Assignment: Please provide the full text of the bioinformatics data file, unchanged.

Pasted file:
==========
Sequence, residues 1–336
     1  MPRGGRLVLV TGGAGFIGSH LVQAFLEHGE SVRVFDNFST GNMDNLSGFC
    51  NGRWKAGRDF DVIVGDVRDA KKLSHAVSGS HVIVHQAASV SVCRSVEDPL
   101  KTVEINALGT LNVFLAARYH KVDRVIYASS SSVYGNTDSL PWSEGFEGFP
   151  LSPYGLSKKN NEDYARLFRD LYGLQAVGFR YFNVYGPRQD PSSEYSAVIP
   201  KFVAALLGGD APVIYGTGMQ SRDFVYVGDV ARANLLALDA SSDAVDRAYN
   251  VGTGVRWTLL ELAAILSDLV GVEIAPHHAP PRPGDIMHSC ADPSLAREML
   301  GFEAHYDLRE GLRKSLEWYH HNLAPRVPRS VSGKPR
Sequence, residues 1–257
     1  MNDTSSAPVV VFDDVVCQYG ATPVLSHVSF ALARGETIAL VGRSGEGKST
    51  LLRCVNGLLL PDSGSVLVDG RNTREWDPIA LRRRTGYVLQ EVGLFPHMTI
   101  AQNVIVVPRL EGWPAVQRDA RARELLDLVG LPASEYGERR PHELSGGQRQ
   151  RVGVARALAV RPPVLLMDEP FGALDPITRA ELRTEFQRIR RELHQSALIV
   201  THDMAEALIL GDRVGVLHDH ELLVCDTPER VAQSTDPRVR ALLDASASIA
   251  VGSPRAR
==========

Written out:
Sequence, residues 1–336
     1  MPRGGRLVLV TGGAGFIGSH LVQAFLEHGE SVRVFDNFST GNMDNLSGFC
    51  NGRWKAGRDF DVIVGDVRDA KKLSHAVSGS HVIVHQAASV SVCRSVEDPL
   101  KTVEINALGT LNVFLAARYH KVDRVIYASS SSVYGNTDSL PWSEGFEGFP
   151  LSPYGLSKKN NEDYARLFRD LYGLQAVGFR YFNVYGPRQD PSSEYSAVIP
   201  KFVAALLGGD APVIYGTGMQ SRDFVYVGDV ARANLLALDA SSDAVDRAYN
   251  VGTGVRWTLL ELAAILSDLV GVEIAPHHAP PRPGDIMHSC ADPSLAREML
   301  GFEAHYDLRE GLRKSLEWYH HNLAPRVPRS VSGKPR
Sequence, residues 1–257
     1  MNDTSSAPVV VFDDVVCQYG ATPVLSHVSF ALARGETIAL VGRSGEGKST
    51  LLRCVNGLLL PDSGSVLVDG RNTREWDPIA LRRRTGYVLQ EVGLFPHMTI
   101  AQNVIVVPRL EGWPAVQRDA RARELLDLVG LPASEYGERR PHELSGGQRQ
   151  RVGVARALAV RPPVLLMDEP FGALDPITRA ELRTEFQRIR RELHQSALIV
   201  THDMAEALIL GDRVGVLHDH ELLVCDTPER VAQSTDPRVR ALLDASASIA
   251  VGSPRAR